SAN DIEGO (CNS) - A San Diego judge ruled Monday that civil commitments do not violate a sexually violent predator's constitutional right to equal protection and that sexually violent predators can be held under indeterminate, or indefinite sentences.
The ruling by Judge Michael Wellington brings California's sexually violent predator laws in line with sexually violent predator civil commitments across the nation, said District Attorney Bonnie Dumanis,
Wellington, during a six-week hearing, considered the case of Richard McKee, a convicted child molester from San Diego County who had appealed his indefinite commitment under Jessica's Law.
McKee argued that California should not be able to treat sexually violent predators differently from other types of offenders, such as the mentally disordered and those found not guilty by reason of insanity.
Prosecutors argued that an indeterminate term reasonably balances public safety and treatment of the mentally ill.
Evidence included recidivism statistics and the quality of harm and trauma to victims of sexual assaults and molestations.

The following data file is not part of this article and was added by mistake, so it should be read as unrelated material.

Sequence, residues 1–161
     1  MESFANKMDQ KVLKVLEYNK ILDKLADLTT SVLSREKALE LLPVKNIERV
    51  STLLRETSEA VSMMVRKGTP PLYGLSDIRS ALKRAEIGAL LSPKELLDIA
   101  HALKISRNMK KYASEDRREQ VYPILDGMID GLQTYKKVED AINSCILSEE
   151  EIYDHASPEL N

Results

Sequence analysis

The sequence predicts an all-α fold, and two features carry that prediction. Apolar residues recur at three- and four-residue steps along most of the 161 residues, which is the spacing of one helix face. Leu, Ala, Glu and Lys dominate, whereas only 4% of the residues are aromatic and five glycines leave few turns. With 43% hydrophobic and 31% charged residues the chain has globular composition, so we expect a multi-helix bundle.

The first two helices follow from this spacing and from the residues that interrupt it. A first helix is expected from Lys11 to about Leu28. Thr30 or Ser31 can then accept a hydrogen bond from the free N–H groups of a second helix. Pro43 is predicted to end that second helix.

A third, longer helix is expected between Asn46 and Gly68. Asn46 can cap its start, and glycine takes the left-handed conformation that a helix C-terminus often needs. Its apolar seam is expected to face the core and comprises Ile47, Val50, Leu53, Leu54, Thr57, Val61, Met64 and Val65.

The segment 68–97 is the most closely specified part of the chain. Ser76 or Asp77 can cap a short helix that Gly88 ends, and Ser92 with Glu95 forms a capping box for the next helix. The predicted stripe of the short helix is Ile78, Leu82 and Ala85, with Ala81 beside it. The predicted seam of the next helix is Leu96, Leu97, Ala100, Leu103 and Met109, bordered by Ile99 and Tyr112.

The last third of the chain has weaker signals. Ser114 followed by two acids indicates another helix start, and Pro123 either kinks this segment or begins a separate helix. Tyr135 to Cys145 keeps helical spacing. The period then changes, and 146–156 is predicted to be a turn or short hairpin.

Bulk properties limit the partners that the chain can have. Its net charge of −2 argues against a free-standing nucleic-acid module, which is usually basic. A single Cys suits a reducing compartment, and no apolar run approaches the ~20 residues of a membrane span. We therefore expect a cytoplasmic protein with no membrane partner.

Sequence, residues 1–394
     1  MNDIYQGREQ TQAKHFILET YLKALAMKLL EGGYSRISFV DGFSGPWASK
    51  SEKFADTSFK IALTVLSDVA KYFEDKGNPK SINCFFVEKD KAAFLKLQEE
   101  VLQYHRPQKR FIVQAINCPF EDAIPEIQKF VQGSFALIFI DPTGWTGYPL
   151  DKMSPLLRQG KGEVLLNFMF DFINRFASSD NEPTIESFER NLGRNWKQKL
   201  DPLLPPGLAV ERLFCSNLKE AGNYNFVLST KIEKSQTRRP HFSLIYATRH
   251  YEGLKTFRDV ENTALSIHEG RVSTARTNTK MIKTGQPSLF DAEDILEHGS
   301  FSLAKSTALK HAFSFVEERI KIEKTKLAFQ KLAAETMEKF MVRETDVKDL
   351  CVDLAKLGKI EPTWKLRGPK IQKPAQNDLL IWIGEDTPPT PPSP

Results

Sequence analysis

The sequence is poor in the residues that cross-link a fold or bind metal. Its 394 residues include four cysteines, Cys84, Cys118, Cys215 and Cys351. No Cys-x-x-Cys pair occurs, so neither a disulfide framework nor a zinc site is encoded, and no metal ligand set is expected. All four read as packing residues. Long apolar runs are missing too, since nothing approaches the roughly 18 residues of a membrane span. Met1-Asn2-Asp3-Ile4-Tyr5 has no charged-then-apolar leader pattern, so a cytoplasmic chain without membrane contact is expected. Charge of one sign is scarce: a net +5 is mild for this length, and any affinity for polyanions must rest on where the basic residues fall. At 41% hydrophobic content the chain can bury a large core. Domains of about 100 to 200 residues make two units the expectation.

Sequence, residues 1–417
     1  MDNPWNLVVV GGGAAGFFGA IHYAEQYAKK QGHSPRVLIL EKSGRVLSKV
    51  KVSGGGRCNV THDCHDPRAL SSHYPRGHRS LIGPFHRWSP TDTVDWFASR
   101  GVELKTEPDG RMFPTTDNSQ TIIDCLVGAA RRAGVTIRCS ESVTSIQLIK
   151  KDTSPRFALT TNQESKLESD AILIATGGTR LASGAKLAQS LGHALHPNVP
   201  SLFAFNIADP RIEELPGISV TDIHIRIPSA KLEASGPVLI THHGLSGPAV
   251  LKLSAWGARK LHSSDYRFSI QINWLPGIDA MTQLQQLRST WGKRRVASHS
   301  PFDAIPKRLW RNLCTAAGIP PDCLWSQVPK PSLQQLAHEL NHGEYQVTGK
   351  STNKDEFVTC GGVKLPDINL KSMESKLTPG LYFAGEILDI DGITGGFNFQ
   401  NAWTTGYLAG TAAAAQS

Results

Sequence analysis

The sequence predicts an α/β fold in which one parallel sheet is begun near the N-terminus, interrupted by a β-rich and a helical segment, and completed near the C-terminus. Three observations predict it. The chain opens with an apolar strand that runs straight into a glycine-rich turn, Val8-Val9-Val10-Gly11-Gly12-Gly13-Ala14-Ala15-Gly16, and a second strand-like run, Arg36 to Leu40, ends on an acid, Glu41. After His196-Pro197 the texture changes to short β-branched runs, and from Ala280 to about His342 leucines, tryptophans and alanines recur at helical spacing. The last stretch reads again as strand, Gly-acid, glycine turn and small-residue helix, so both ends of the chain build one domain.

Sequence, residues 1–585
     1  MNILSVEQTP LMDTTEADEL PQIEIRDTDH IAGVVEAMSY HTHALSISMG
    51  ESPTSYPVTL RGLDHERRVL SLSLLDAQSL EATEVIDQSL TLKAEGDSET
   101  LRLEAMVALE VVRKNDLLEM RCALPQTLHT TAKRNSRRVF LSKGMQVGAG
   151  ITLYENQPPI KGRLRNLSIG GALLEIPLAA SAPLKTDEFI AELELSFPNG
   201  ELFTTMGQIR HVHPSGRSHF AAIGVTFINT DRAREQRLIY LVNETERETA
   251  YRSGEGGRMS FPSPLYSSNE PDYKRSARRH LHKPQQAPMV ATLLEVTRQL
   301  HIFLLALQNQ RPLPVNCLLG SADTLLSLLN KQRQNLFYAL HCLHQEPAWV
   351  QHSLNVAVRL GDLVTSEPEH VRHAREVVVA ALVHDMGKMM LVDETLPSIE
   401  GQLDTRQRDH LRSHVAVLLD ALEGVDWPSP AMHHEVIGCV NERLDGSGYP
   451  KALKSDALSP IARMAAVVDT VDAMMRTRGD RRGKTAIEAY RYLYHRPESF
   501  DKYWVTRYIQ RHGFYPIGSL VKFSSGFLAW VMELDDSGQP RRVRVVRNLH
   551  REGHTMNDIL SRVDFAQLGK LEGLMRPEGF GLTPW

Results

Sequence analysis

Jessica's Law was passed in 2006, changing the length of time a sexually violent predator could be held through a civil commitment from two years to an indeterminate sentence.
McKee was committed under Jessica's Law in 2007 and his case was one of the first to be appealed, Dumanis said.
The case made its way to the California Supreme Court, which sent it back to San Diego Superior Court after finding that the indeterminate term may violate the U.S. Constitution's equal protection clause in that it treated sexually violent predators differently than other civilly committed classes of criminals.